John Deere strike: Tom Vilsack meets striking workers, judge issues injunction against picketers and Iowa Republicans weigh in

Jordan Sellergren/Little Village

U.S. Secretary of Agriculture Tom Vilsack visited a United Auto Workers (UAW) picket line outside the John Deere plant in Ankeny on Wednesday. The former Iowa governor showed support for the workers as the strike, which began at midnight on Oct. 14, finished its first week.

“For too long in this country, we haven’t paid as much attention and respect to people that work with their hands,” the secretary said.

Vilsack, who served as governor from 1999 to 2007, told reporters he appreciated the support he received from UAW members during his career in state politics. He was in Iowa to attend World Food Prize events and meet with Mexico’s Secretary of Agriculture and Rural Development.

More than 10,000 workers at Deere’s manufacturing plants have been on strike, after 90 percent of UAW members who work in the plants voted to reject the company’s proposed contract. That contract would have eliminated pension benefits for new workers, replacing the current system with a 401(k) plan, among other conditions deemed unacceptable by the union.

Seven of Deere’s 14 manufacturing plants are located in Iowa. More than 6,000 workers from those plants are taking part in the strike. Negotiations between the UAW and the company resumed on Monday.

Vilsack declined to comment on Deere’s contract proposal when asked during his visit to the picket line.

“My job is to be here to basically support these folks,” he said. “They earned what they’re going to get. This is a company obviously that’s done very well recently. They’ve got record profits.”

There were approximately 75 workers on the picket line while Vilsack was there, but that number may drastically change if Deere is granted the temporary injunction they applied for in state district court, halting UAW’s use of picketers in Ankeny. A hearing on the injunction is scheduled for Polk County District Court on Thursday, Oct. 21.

The company has already won a temporary injunction against UAW picketers at its Davenport plant. A state district court judge issued the temporary injunction on Wednesday, ordering strikers to keep off Deere property and not impede anyone entering or exiting the property. The injunction “limits the number of picketers to no more than four (4) peaceful picketers at the designated gate (two on each side).”

The judge adopted all 10 restrictions on strikers Deere asked for in its application for an injunction, taking the language describing those restrictions directly from the application. Among the 10 points, the judge prohibited strikers from “damaging the vehicles or property of [Deere’s] guests, agents, employees, or contractors, or threatening damage to the vehicles or property of Petitioner’s guests, agents, employees or contractors,” even though Deere’s attorneys never claimed in their statement of facts that any such activities had occurred.

In its application, Deere’s list of allegations regarding conduct of strikers was largely limited to blocked entrances, “yelled obscenities” and “aggressively waved signs.”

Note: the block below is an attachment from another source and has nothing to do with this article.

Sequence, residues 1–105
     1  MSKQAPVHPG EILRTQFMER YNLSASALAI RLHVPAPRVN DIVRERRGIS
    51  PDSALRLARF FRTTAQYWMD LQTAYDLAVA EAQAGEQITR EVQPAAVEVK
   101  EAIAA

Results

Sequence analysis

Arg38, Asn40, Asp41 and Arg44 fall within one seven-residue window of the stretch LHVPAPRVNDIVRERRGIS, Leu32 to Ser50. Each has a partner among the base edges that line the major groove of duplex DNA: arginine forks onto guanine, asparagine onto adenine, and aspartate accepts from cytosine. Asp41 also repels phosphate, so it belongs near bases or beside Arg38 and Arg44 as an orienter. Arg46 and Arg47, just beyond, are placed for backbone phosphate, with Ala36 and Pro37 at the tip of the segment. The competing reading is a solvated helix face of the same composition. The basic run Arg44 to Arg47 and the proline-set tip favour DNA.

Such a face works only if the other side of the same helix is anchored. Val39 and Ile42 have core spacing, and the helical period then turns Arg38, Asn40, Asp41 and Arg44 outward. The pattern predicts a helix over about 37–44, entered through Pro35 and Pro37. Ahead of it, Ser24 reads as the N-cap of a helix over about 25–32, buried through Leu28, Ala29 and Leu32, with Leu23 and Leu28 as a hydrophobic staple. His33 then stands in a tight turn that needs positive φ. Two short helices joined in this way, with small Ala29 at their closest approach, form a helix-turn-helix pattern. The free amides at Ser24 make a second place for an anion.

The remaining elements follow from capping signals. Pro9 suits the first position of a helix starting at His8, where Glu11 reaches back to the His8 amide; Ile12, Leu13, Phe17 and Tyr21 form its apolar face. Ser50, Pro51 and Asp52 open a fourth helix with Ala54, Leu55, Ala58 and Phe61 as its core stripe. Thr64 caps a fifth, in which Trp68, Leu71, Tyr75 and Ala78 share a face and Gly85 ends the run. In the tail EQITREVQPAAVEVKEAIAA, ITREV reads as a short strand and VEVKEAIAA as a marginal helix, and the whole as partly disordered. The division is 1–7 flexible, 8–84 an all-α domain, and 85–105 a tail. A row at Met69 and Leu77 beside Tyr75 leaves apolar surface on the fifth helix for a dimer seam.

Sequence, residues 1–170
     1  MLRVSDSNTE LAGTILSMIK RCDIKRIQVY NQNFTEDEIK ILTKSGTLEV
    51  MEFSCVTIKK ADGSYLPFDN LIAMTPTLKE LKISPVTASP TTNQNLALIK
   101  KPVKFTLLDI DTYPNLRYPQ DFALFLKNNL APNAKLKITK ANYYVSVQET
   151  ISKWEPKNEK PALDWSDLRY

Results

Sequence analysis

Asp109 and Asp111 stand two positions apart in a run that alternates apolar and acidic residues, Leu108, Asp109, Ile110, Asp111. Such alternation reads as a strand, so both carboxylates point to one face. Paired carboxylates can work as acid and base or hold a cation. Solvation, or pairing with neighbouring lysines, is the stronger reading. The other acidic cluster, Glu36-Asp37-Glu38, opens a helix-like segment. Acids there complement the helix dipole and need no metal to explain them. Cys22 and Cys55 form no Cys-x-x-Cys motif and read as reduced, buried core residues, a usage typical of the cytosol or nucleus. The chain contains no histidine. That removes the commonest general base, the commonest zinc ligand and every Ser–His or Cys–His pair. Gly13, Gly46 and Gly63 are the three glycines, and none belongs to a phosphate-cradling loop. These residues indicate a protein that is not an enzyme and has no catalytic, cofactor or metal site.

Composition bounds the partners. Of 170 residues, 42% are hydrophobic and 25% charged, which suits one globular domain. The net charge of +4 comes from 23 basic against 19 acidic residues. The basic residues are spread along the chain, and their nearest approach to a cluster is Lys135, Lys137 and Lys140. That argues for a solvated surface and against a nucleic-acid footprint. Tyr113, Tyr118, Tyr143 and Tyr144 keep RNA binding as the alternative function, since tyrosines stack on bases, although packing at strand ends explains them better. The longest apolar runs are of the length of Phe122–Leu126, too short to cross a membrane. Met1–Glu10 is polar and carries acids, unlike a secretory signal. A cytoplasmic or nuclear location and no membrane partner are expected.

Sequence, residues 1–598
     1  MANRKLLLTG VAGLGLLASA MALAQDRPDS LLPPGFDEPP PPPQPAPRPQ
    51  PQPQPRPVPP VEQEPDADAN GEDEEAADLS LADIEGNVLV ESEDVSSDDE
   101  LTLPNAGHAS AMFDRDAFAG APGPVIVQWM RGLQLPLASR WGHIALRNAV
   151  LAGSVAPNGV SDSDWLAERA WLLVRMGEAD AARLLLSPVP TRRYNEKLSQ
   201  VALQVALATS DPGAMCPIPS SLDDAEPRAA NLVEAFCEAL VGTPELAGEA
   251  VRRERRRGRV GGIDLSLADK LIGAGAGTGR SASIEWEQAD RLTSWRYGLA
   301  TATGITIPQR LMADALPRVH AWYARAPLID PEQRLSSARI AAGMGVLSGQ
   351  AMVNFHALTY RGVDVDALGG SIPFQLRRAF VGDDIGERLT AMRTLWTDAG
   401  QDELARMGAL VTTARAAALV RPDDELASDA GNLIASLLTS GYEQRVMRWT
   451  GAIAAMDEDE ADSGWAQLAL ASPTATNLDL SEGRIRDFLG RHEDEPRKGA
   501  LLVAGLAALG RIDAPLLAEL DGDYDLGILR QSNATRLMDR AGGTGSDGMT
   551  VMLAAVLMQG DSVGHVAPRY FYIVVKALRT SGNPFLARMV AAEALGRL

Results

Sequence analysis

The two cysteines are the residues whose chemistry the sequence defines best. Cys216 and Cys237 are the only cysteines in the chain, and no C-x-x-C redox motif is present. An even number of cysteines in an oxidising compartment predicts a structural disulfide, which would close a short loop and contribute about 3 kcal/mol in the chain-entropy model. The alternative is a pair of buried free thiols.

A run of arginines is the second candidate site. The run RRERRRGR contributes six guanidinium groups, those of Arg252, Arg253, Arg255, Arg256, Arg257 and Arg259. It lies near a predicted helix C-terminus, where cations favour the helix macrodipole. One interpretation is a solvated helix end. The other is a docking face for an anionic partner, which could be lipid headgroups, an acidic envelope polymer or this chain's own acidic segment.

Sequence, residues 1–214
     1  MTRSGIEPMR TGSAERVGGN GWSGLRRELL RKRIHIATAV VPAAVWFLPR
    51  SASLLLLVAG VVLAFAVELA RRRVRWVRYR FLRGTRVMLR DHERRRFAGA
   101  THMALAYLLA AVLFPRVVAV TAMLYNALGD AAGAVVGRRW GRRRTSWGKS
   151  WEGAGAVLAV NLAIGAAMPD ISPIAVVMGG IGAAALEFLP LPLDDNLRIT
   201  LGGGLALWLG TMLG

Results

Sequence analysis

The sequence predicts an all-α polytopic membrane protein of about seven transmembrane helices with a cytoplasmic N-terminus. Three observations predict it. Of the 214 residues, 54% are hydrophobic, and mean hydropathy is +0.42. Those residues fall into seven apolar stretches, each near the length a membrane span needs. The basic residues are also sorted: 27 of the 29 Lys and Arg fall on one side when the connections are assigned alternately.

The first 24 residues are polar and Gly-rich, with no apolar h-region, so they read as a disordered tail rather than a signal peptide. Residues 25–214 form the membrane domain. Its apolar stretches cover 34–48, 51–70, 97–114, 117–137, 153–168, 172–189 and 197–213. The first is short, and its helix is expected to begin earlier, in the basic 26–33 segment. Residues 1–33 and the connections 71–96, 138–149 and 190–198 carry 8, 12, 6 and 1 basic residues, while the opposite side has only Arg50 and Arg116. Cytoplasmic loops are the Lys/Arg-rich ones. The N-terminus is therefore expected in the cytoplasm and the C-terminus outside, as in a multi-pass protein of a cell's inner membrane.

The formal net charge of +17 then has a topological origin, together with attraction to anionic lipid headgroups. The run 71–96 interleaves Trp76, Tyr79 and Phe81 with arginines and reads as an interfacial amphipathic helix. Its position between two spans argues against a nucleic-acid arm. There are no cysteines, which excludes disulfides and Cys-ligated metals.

The last entry of the judge’s list of 10 restrictions is a catch-all, prohibiting “any other unlawful or disruptive acts this Court deems appropriate for injunctive relief.”

Any strike participant who violates a provision of the injunction faces the possibility of up to six months in jail and a $500 fine.

Like Vilsack, other leaders in the Iowa Democratic Party have expressed their support for the strikers, and they did so as soon as the strike began. Leaders of the Iowa Republican Party were silent at first, with the exception of Sen. Chuck Grassley, who claimed last week not to know there was a strike or any labor dispute at Deere until a reporter brought up the topic at a news conference.

During the past week, the state’s three Republican members of Congress, Sen. Joni Ernst and Gov. Kim Reynolds have all made statements.

In response to questions from reporters, a spokesperson for Ernst said the senator “is monitoring the situation.” A spokesperson for Rep. Ashley Hinson offered a slight variation on Ernst’s statement, saying as a freshman member of Congress who has two Deere plants in her district, she “is monitoring the situation closely.”

Rep. Mariannette Miller-Meeks commented on the strike in a tweet that quoted an earlier tweet from Grassley, in which the senior senator referred to his time as a union laborer more than 50 years ago. Miller-Meeks highlighted Deere’s longtime role as a major employer in Iowa.

“John Deere has employed thousands of Iowa families for decades and has been a boost to the Iowa economy,” she said. “I hope business and labor can rapidly find common ground that benefits each other and we can continue being a shining example of what a hard day’s work means.”

Rep. Randy Feenstra, who represents western Iowa, the most conservative part of the state, came the closest of any Republican leader to offering a pro-labor sentiment.

“John Deere, the manufacturing industry, and the men and women who build essential equipment are critical to the success of Iowa’s economy,” he said in a statement. “I am hopeful that business leaders and workers are able to reach an agreement to resolve this dispute.”

Gov. Reynolds did not make any public statement on the strike — the largest labor action in Iowa in decades — until she was asked about it by a reporter on Wednesday.

“They were back at the table on Monday, and I’m just hopeful that we can find resolution sooner rather than later,” the governor said.

Reynolds made her remarks at a news conference at which she unveiled policy changes designed to make it harder for Iowans to collect unemployment benefits.

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